Fourth, we have to address the political grievances that terrorists exploit. Again, there is not a single perfect causal link, but the link is undeniable. When people are oppressed, and human rights are denied — particularly along sectarian lines or ethnic lines — when dissent is silenced, it feeds violent extremism. It creates an environment that is ripe for terrorists to exploit. When peaceful, democratic change is impossible, it feeds into the terrorist propaganda that violence is the only answer available.
And so we must recognize that lasting stability and real security require democracy. That means free elections where people can choose their own future, and independent judiciaries that uphold the rule of law, and police and security forces that respect human rights, and free speech and freedom for civil society groups. And it means freedom of religion — because when people are free to practice their faith as they choose, it helps hold diverse societies together.
Unless Obama plans to go full metal Ann Coulter and uproot what currently passes for governance in the Islamic world, replace it with American military occupation for three or four generations, and eliminate the Islamic ghettoes in Western Europe that are providing hundreds, if not thousands, of recruits and millions of dollars to ISIS this is total bull****.
In his last term in office, Obama seems to be preparing for a post-presidential career as an internet troll.
And all of us have a responsibility to refute the notion that groups like ISIL somehow represent Islam, because that is a falsehood that embraces the terrorist narrative.
Groups like al Qaeda and ISIL peddle the lie that some of our countries are hostile to Muslims. Meanwhile, we’ve also seen, most recently in Europe, a rise in inexcusable acts of anti-Semitism, or in some cases, anti-Muslim sentiment or anti-immigrant sentiment. When people spew hatred towards others — because of their faith or because they’re immigrants — it feeds into terrorist narratives. If entire communities feel they can never become a full part of the society in which they reside, it feeds a cycle of fear and resentment and a sense of injustice upon which extremists prey. And we can’t allow cycles of suspicions to tear at the fabric of our countries.
As TIME magazine reports in the most laudatory tones in an article titled Obama Claims Republican Rhetoric Could Help ISIS: Rather than ignore his critics, the President takes them on:
President Obama, with two speeches in as many days, has decided to take the battle to his conservative critics.
Those who identify the black-clad extremists with their religious roots, the commander-in-chief argued repeatedly, are peddling a “lie” that will drive recruitment by the nation’s enemies and ultimately hurt U.S. interests. “These terrorists are desperate for legitimacy. And all of us have a responsibility to refute the notion that groups like ISIL somehow represent Islam, because that is a falsehood that embraces the terrorists’ narrative,” he said, using the U.S. government’s preferred acronym for ISIS, which is also known as the Islamic State.
But he did not stop there. A day after talking about the “debate in the press and among pundits” over terminology, he accused others in the public sphere Thursday of aiding the terrorist cause by highlighting the connection between Islamic teachings and Islamic State’s tactics, which include rape, beheadings, crucifixions and slavery. “That narrative sometimes extends far beyond terrorist organizations,” he continued. “That narrative becomes the foundation upon which terrorists build their ideology and by which they try to justify their violence, and that hurts all of us, including Islam and especially Muslims who are the ones most likely to be killed.”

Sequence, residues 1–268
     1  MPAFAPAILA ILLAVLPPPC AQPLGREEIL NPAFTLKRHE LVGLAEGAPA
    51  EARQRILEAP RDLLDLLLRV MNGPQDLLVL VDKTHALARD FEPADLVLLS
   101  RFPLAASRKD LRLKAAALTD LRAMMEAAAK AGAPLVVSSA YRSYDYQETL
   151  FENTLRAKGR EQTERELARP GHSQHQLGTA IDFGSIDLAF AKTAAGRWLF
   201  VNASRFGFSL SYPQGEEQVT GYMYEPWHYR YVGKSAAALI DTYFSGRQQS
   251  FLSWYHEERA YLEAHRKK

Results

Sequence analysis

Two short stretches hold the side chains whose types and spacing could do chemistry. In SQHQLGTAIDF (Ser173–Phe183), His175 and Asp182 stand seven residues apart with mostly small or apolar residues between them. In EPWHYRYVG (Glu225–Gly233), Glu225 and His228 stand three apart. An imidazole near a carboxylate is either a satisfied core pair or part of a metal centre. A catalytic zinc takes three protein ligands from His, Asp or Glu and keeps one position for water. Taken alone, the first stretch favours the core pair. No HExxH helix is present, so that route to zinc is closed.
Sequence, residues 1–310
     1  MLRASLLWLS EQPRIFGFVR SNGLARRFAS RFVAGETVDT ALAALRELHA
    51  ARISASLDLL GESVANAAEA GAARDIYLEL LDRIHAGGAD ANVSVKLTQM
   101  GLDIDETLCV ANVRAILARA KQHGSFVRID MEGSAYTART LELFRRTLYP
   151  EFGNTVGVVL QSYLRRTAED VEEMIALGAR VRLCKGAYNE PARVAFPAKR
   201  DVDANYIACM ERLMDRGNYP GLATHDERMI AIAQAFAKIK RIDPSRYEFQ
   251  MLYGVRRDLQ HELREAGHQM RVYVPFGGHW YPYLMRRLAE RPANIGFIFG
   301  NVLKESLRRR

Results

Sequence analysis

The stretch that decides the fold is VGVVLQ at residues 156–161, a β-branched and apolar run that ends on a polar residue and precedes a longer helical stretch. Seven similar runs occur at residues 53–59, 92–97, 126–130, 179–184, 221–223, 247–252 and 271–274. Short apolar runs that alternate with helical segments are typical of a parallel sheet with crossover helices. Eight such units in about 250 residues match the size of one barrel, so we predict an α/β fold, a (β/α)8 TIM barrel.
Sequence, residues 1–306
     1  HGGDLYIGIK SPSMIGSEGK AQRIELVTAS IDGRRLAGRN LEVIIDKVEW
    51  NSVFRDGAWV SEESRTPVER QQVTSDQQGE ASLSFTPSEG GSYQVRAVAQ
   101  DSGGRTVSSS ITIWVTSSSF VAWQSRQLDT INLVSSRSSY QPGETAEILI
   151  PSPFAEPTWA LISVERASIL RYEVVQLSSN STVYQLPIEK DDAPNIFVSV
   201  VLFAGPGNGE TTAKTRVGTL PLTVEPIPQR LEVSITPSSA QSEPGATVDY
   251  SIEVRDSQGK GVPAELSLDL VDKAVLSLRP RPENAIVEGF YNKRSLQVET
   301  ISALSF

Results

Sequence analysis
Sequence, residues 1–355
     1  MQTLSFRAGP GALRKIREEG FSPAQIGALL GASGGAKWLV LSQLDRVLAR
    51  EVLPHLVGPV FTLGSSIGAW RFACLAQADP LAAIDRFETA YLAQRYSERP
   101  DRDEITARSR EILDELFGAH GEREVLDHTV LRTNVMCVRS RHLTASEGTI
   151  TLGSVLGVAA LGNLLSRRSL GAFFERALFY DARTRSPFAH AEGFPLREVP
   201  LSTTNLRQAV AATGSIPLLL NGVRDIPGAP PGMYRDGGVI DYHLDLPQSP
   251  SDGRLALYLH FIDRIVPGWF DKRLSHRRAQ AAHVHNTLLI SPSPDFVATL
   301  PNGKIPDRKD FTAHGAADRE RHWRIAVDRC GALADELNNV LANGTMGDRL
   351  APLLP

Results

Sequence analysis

This is simply not a serious man. The fact that you don’t see ISIS like movements in other areas with poor economies and poor governance indicates that the unifying feature of “violent extremism” is something else. This is acknowledged in the opening paragraphs in his speech:
As we speak, ISIL is terrorizing the people of Syria and Iraq and engaging in unspeakable cruelty. The wanton murder of children, the enslavement and rape of women, threatening religious minorities with genocide, beheading hostages. ISIL-linked terrorists murdered Egyptians in the Sinai Peninsula, and their slaughter of Egyptian Christians in Libya has shocked the world. Beyond the region, we’ve seen deadly attacks in Ottawa, Sydney, Paris, and now Copenhagen.
Elsewhere, Israelis have endured the tragedy of terrorism for decades. Pakistan’s Taliban has mounted a long campaign of violence against the Pakistani people that now tragically includes the massacre of more than 100 schoolchildren and their teachers. From Somalia, al-Shabaab terrorists have launched attacks across East Africa. In Nigeria and neighboring countries, Boko Haram kills and kidnaps men, women and children.
There is a common element in all of these events if you look for it.
Is is very obvious that ISIS and the violence we see in the Islamic world in general is not a “perversion” of Islam but rather a very literal interpretation of Islam.What drives this movement is not economics, though that is a factor. It can best be seen as a response to modernity — in the Islamic world — and the casual nihilistic narcissism that is the secular religion in the West. Until we start calling it what it is and taking the root causes seriously we are wasting our time and a lot of lives.